Public-health agencies often warn that disease knows no boundaries. But in New York City, a growing outbreak of measles has pushed the mayor's office to declare a public-health emergency within just four zip codes. According to the health department, the city's 285 confirmed cases of measles are concentrated among seven neighborhoods in Brooklyn and Queens, largely in Orthodox Jewish communities that have not vaccinated their children.
The situation is by far the most serious in Williamsburg, a neighborhood in Brooklyn that is now facing 228 confirmed cases of measles. About a tenth of these come from just one yeshiva, which allowed an unvaccinated student to attend school despite the city health department's ban. One case soon led to 20 more.
On Tuesday, the city health commissioner issued an order requiring people who live, work, and go to school in this area to be vaccinated, or face a fine of up to $1,000. The city has said it will enforce the penalty by checking the medical records of anyone who may have come into contact with an infected patient. "We've seen a large increase in the number of people vaccinated in these neighborhoods, but as Passover approaches, we need to do all we can to ensure more people get the vaccine," Health Commissioner Dr. Oxiris Barbot said in a statement on Tuesday.
According to the health department, this is a last-ditch measure: Previous attempts to stop the disease have failed, because so many residents have refused to get vaccinated. Already, the city has ordered yeshivas and day-care centers serving the area's Orthodox Jewish community to bar unvaccinated students from attending.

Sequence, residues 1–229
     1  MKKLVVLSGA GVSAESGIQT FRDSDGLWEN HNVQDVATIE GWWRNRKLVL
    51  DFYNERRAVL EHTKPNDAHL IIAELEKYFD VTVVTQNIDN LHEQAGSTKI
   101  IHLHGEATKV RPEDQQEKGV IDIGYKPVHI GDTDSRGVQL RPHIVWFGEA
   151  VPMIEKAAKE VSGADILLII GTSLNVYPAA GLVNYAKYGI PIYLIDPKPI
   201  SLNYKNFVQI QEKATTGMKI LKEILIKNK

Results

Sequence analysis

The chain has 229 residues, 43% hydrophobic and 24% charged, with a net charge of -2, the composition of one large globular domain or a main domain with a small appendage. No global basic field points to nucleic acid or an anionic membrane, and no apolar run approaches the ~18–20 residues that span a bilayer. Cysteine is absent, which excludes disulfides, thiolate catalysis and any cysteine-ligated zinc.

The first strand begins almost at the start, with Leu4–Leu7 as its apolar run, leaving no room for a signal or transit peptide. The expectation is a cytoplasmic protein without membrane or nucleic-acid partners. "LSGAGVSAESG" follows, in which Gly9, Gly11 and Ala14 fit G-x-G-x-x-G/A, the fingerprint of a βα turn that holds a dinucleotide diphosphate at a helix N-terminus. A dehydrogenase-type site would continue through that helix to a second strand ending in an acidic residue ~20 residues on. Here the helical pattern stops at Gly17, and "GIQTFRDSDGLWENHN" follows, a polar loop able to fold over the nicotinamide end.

Why Is the Disease—and the Public-Health Emergency—Clustered Within Such a Small Area?
It may seem counterintuitive, but the fact that unvaccinated people are clustered within four ZIP codes (and not spread throughout the state or city) makes the risk of vaccine-preventable illness even greater. Measles is highly contagious, and thus requires at least a 95 percent vaccination rate to maintain herd immunity. (Other diseases, like polio, require around 85 percent coverage.) While New York City has an average childhood measles, mumps, and rubella vaccination coverage rate of 91.9 percent, the coverage rate in Orthodox Jewish communities is typically much lower. This concentration increases the probability of outbreak, as Pacific Standard has previously reported.
Why Are Orthodox Jewish Communities Experiencing Outbreaks?
The situation is particularly dire because New York's Orthodox Jewish communities—including in Rockland County, which is also facing an outbreak—tend "to be very insular," according to Ross Silverman, professor of health policy and management at the Fairbanks School of Public Health at Indiana University–Purdue University Indianapolis. "It's circulating around and around within that community," he said last month.
Many students in these communities attend religious schools with particularly low vaccination rates, five of which were found to be in violation of the city's ban. This particular outbreak started when an unvaccinated child contracted the disease on a visit to Israel—currently facing an outbreak of its own—and brought it back to Williamsburg, according to the Centers for Disease Control and Prevention. "[T]he risk of measles affecting our New York communities is particularly acute in neighborhoods where international travel is common and frequent," New York City Councilman Mark Levine said in a statement.
That doesn't mean the disease can't harm people outside of the Orthodox Jewish community: The health department has warned that "people who lack immunity are highly likely to become sick if they are in contact with an infectious person or near where an infectious person recently has been."